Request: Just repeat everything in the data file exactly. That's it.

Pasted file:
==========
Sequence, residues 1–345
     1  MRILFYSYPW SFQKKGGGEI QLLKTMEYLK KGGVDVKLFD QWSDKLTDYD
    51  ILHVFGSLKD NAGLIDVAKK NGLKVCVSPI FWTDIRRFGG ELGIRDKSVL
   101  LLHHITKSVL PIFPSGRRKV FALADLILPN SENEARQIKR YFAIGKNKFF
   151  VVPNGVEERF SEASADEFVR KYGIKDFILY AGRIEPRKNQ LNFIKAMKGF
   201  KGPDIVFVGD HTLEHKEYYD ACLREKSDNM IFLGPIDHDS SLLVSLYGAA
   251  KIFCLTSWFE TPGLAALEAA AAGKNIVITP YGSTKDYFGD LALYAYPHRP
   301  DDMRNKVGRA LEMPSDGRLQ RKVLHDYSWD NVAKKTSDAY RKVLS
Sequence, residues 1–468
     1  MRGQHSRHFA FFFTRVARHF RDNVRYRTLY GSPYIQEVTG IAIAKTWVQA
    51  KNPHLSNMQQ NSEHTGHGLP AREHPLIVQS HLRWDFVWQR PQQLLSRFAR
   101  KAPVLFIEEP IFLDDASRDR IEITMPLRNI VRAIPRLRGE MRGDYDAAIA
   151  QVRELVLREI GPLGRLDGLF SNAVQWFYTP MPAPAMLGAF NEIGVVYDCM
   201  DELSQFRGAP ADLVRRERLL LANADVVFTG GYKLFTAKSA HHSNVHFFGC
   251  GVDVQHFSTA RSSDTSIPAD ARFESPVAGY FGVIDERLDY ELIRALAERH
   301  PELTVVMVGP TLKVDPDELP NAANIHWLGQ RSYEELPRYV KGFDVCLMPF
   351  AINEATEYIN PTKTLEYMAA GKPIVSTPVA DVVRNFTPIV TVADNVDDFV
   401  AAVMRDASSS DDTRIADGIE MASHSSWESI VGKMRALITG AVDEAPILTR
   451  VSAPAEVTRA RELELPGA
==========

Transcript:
Sequence, residues 1–345
     1  MRILFYSYPW SFQKKGGGEI QLLKTMEYLK KGGVDVKLFD QWSDKLTDYD
    51  ILHVFGSLKD NAGLIDVAKK NGLKVCVSPI FWTDIRRFGG ELGIRDKSVL
   101  LLHHITKSVL PIFPSGRRKV FALADLILPN SENEARQIKR YFAIGKNKFF
   151  VVPNGVEERF SEASADEFVR KYGIKDFILY AGRIEPRKNQ LNFIKAMKGF
   201  KGPDIVFVGD HTLEHKEYYD ACLREKSDNM IFLGPIDHDS SLLVSLYGAA
   251  KIFCLTSWFE TPGLAALEAA AAGKNIVITP YGSTKDYFGD LALYAYPHRP
   301  DDMRNKVGRA LEMPSDGRLQ RKVLHDYSWD NVAKKTSDAY RKVLS
Sequence, residues 1–468
     1  MRGQHSRHFA FFFTRVARHF RDNVRYRTLY GSPYIQEVTG IAIAKTWVQA
    51  KNPHLSNMQQ NSEHTGHGLP AREHPLIVQS HLRWDFVWQR PQQLLSRFAR
   101  KAPVLFIEEP IFLDDASRDR IEITMPLRNI VRAIPRLRGE MRGDYDAAIA
   151  QVRELVLREI GPLGRLDGLF SNAVQWFYTP MPAPAMLGAF NEIGVVYDCM
   201  DELSQFRGAP ADLVRRERLL LANADVVFTG GYKLFTAKSA HHSNVHFFGC
   251  GVDVQHFSTA RSSDTSIPAD ARFESPVAGY FGVIDERLDY ELIRALAERH
   301  PELTVVMVGP TLKVDPDELP NAANIHWLGQ RSYEELPRYV KGFDVCLMPF
   351  AINEATEYIN PTKTLEYMAA GKPIVSTPVA DVVRNFTPIV TVADNVDDFV
   401  AAVMRDASSS DDTRIADGIE MASHSSWESI VGKMRALITG AVDEAPILTR
   451  VSAPAEVTRA RELELPGA